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Save Winamp

There’s already a petition to save Winamp, but what about Shoutcast?

Save WinampThe fates of the veteran media player app Winamp and its related Shoutcast streaming platform remain in limbo after AOL’s announcement last week that it would shut down Nullsoft and end support of these products. Although there have been reports that Microsoft is in talks to buy both Winamp and Shoutcast, neither company has commented publicly.

So a Melbourne, Australia based web developer and the owner of a web hosting company, Peter Zawacki, has started a petition urging AOL to either keep Winamp alive or release its code as open source.

Zawacki and a group of like-minded developers have created a website to simply explain their cause, writing,

“The history of digital music started with Winamp.
Winamp is still one of the best music players out there.
And lots of people still use it.”

The petition makes no mention of Nullsoft’s Shoutcast audio streaming technology. As I wrote last week, Shoutcast played an important role in the growth of internet radio, and still provides both the platform for thousands of stations. While there are open source alternatives, the loss of Shoutcast and the Shoutcast Radio directory would still imperil thousands of online stations, a significant number of them independent.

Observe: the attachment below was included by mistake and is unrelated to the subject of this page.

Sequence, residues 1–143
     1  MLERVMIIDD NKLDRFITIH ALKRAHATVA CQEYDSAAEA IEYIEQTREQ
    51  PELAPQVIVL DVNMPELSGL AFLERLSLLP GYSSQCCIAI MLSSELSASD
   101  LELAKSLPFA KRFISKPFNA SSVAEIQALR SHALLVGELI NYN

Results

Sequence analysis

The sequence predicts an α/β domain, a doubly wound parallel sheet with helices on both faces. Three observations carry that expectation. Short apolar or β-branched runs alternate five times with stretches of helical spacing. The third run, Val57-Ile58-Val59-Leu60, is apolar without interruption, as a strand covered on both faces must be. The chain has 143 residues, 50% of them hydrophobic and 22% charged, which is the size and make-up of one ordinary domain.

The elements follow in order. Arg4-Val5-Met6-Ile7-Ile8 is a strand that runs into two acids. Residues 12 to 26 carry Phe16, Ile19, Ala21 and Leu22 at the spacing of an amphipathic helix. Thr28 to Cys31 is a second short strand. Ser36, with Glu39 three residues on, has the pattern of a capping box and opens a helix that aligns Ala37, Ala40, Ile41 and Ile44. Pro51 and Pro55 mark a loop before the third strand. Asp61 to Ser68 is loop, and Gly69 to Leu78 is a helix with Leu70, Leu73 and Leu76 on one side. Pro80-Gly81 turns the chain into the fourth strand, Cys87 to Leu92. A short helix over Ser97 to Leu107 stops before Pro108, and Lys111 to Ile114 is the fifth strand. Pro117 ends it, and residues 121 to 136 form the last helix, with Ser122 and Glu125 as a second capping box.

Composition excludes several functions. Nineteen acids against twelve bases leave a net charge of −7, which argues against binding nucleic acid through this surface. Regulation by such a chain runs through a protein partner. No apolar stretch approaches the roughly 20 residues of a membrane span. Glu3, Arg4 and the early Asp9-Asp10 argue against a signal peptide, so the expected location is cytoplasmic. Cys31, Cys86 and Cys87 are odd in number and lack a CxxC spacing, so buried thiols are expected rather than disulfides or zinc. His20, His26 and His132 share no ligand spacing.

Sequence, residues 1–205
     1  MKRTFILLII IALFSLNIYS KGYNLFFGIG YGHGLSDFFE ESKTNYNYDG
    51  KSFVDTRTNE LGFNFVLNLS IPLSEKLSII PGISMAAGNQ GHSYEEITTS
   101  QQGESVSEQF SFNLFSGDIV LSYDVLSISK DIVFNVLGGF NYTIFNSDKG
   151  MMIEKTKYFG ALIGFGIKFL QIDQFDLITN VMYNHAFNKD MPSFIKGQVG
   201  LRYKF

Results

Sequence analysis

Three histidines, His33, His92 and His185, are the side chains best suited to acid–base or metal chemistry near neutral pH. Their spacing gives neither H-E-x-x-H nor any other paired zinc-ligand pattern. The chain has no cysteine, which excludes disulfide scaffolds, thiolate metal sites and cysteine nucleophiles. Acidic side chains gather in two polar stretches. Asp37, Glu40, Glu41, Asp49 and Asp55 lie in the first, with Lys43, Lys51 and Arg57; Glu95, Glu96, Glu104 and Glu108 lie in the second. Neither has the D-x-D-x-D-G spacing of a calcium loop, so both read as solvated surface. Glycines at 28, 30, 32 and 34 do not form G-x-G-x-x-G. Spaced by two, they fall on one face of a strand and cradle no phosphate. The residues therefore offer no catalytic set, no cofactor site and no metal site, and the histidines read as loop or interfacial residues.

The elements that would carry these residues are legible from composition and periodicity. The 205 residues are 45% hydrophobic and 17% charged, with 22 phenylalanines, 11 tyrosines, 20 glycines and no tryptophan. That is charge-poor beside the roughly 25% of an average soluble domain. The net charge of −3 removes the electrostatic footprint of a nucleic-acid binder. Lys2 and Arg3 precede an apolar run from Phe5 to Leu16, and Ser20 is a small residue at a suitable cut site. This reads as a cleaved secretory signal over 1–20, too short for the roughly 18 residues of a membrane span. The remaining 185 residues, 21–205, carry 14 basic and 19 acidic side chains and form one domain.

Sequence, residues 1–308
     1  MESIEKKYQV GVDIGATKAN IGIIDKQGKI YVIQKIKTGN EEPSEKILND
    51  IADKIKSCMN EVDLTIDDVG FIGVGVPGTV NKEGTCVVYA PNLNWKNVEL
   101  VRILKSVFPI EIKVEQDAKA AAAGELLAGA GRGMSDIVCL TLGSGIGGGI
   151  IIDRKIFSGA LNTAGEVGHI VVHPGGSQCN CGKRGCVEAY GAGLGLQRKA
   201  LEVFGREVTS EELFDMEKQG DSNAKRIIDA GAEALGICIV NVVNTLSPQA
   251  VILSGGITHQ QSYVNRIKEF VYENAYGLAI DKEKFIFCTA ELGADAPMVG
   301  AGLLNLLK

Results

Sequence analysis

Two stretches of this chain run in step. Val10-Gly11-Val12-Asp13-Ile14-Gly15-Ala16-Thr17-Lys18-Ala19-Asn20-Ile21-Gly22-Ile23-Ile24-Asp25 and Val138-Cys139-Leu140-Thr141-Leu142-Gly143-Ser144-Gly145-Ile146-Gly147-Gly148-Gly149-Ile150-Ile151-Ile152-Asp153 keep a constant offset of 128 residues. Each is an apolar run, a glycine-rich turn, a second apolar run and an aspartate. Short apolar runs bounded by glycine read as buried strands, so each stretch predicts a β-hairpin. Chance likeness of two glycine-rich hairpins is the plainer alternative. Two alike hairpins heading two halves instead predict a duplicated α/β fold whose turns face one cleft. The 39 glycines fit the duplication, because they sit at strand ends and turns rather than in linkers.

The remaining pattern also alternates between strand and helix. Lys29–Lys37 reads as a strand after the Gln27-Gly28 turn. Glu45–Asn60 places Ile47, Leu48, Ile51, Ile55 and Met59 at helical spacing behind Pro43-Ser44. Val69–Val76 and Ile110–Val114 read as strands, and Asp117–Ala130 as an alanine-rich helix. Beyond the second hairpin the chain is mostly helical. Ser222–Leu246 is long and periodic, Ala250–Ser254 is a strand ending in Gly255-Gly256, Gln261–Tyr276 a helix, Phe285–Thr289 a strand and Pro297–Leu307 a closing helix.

I contacted the folks behind Save Winamp by email to ask about Shoutcast and they responded very quickly. “It would be great to have the Shoutcast technology open-sourced with Winamp,” they said. However, the directory and license key services that AOL provides are amongst the aspects that would complicate things. For instance, with version 2 of the Shoutcast server, a user has to buy a license in order to stream MP3, since it is a format that is protected by patents.

The Save Winamp team also said that “We did not know if there would be lots of traction behind the idea. The success and the speed with which this petition is spreading surprised us in a good way.”

So first, they are looking to see if AOL is even willing to consider the idea of continuing support or open-sourcing Winamp. They said that they don’t know what is actually contained in the Winamp code, and therefore need to “understand if it is possible to make Winamp open source.”

There’s the possibility that there are other patented or licensed technologies within Winamp that AOL does not have the right to release as open source.

But, “If AOL are willing to open source Winamp or portions of it, then we would do our best to help with the transition, find developers willing and able to work on this project,” they said.

While we wait for AOL to indicate if it’s willing to consider stay of execution for Winamp and Shoutcast, watch this cool–though geeky as hell–video on the history of Winamp.

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